Aaaah, the summer weather is upon us already. My neighborhood pool sits, glistening in the sun, waiting to open its gates and let in the sunbathers, swimmers, and general fun seekers. Its clear, cool water whispers to us, like a mythical siren calls to its mate. It’s easy to get lost in the sunny haze of summer days. But, something calls us back into reality when we think about summer learning loss and just how we can keep our children from regressing academically amidst these sun and water filled times.
Again, summer learning loss is not new, nor is it temporary. It is a proven phenomenon that adversely affects millions of students every year. But, some of you may wonder just why this is such an issue today, when nobody thought or talked about it much back when we were in school? First, the stakes in the education game have gotten much higher. What is being asked of students today is much more rigorous than what, say, I was asked to accomplish in high school. Secondly, passing requirements are written to now include the high stakes, comprehensive end of year testing which again places more demands on students of today.
So, it is not really surprising to discover that students score lower on standardized tests at the end of summer vacation than they do at the beginning of summer vacation. As statistics show, only 9.2% of America’s 48 million students attend summer school. We are therefore left with over 90% who do not experience regular instruction or learning during the two month break. Summer learning loss is also a major cause of the achievement gap between lower and higher income youth, as well as being a catastrophic influence on America’s high school dropout rate. With statistics like these, it’s imperative we find a way for our students to continue the learning process during summertime.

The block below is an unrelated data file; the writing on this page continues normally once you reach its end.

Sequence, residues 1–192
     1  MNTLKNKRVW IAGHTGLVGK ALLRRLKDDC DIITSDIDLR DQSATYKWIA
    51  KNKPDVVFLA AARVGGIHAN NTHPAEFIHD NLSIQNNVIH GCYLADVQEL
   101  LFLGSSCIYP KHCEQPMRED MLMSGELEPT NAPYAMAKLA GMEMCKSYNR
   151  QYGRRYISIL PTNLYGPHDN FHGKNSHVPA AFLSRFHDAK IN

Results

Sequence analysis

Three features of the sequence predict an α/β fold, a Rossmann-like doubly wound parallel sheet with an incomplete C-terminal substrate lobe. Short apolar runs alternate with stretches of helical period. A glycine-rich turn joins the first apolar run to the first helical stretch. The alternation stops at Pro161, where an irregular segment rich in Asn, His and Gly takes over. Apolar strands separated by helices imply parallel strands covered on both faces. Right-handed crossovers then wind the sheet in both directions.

As this is the second part of my reading series, let’s look some more at how a summer reading list can help. So important is this concept that many states are researching and implementing state funded, structured summer reading programs. Check out the link to find out where your state stands on this issue. It’s important to remember that having a summer reading goal doesn’t have to replace your beach vacation or lazy days by the pool. On the contrary, it can be added to these activities and actually enhance them. Just plan on having one hour every day where your child sits down quietly to read a book. My guess is that after this has become a habit, you will find that an hour is not enough. Please check out this link for a summer reading list for our focus reading group this week, in grades 3-5.
So, while your mind’s eye pictures you and your family lounging by the sparkly water and soaking in the peaceful, sunny rays, see if you can’t add to that scene…imagine all of this plus your children reading quietly, enraptured by the characters and plots from their new favorite book.
If perhaps, you think your child needs some enrichment, a little more structure, or can benefit in comprehension from some accountability and assistance, reach out to me to have a conversation HERE. You may have noticed some things as you have been around your child a bit more lately. Let’s discuss what is on your mind and see how to help your child feel more confident about reading. Dynamis Learning and our tutors can help develop a specialized program for your child.